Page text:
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A North Carolina man has pleaded guilty to a conspiracy that illegally accessed the e-mail and social media accounts of Central Intelligence Director John Brennan and other senior government officials and then used that access to leak sensitive information and make personal threats.

Justin Gray Liverman, 24, of Morehead City, North Carolina, pleaded guilty to conspiracy to violate the Computer Fraud and Abuse Act, commit identity theft, and make harassing, anonymous phone calls, federal prosecutors said Friday. Among the 10 people targeted in the conspiracy were Brennan; then-Deputy FBI Director Mark Giuliano; National Intelligence Director James R. Clapper; Greg Mecher, the husband of White House Communication Director Jen Psaki; and other government officials. The group called itself Crackas with Attitude, and it was led by a co-conspirator going by the name of Cracka.

"She talks mad shit abt snowden," Liverman said on December 10, 2015 in an online chat with Cracka, referring to a target who is believed to be Psaki, according to a statement of facts signed by Liverman and filed in US District Court for the Eastern District of Virginia. (The document refers to Mecher and Psaki as Victim 3 and the spouse of Victim 3 respectively.) "If you come across anything related to [Victim 3's spouse] let me know. If you find her cell or home number omg gimme." Liverman went on to say he wanted to "phonebomb the shitt [sic] outta" Psaki.

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Google has shut down a "high-severity" exploit in its Nexus 6 and 6P phones which gave attackers with USB access the opportunity to take over the onboard modem during boot-up—allowing them to listen in on phonecalls, or intercept mobile data packets.

The vulnerability was part of a cluster of security holes found by security researchers at IBM's X-Force all related to a flaw—tagged CVE-2016-8467—in the phones' bootmode, which uses malware-infected PCs and malicious power chargers to access hidden USB interfaces. Patches were rolled out before the vulnerabilities were made public, in November for the Nexus 6, and January for the 6P.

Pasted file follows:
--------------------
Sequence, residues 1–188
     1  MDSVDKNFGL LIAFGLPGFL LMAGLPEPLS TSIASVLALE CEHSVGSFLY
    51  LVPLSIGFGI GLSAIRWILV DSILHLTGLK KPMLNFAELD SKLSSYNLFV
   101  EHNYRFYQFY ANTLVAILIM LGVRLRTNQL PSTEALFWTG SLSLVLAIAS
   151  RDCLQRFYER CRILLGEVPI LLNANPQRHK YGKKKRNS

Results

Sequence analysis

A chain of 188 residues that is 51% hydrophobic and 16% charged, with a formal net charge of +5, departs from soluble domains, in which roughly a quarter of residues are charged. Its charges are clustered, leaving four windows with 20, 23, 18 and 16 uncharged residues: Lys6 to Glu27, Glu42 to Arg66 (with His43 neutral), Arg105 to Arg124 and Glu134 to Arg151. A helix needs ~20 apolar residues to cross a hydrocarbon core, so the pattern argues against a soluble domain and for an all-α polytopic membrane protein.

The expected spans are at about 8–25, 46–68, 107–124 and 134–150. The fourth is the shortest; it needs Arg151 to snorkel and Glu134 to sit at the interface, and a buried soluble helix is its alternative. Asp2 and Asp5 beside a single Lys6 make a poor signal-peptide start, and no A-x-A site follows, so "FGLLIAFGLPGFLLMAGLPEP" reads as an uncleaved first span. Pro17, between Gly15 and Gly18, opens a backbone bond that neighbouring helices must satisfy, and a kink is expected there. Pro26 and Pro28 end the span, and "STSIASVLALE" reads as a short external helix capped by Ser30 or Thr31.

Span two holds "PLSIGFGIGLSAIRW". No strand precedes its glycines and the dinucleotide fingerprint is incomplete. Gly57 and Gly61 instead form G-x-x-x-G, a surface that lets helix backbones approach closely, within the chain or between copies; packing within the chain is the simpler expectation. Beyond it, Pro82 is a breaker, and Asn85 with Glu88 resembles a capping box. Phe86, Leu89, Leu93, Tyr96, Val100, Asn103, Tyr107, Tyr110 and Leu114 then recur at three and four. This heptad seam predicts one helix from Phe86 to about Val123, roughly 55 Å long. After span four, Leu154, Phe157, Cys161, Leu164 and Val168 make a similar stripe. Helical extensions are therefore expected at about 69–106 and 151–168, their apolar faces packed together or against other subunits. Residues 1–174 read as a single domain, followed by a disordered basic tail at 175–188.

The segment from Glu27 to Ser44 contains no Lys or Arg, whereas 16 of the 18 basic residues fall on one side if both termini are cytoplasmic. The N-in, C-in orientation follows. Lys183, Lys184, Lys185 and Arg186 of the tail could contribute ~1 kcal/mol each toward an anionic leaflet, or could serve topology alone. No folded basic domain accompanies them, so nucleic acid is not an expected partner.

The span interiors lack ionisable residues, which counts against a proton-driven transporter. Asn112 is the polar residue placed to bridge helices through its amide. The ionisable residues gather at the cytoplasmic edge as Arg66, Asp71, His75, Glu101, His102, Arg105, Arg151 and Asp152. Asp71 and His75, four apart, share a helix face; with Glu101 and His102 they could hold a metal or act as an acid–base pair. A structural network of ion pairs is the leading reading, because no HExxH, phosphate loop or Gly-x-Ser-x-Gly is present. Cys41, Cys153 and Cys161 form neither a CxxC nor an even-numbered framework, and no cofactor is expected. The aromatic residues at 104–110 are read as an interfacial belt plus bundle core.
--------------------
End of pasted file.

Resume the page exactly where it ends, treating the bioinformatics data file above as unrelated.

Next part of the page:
The waveform from a successfully intercepted phone call.

The waveform from a successfully intercepted phone call. (credit: IBM)

The exploit also allowed access to find the phone's "exact GPS coordinates with detailed satellite information, place phone calls, steal call information, and access or change nonvolatile items or the EFS partition."

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When Mike Tigas first created the Onion Browser app for iOS in 2012, he never expected it to become popular. He was working as a newsroom Web developer at The Spokesman-Review in Spokane, Washington, at the time, and wanted a Tor browser app for himself and his colleagues. Expecting little interest, he then put Onion Browser on the Apple App Store at just $0.99/£0.69, the lowest non-zero price that Apple allows.

Fast forward to 2016, and Tigas found himself living in New York City, working as a developer and investigative journalist at ProPublica, while earning upwards of $2,000 a month from the app—and worrying that charging for it was keeping anonymous browsing out of the hands of people who needed it.

So a few weeks ago, he made the app free. Since then, its popularity has exploded, with thousands of downloads recorded every day. The results of the recent US presidential election might have had something to do with this decision, and its impressive results, Tigas told Ars.

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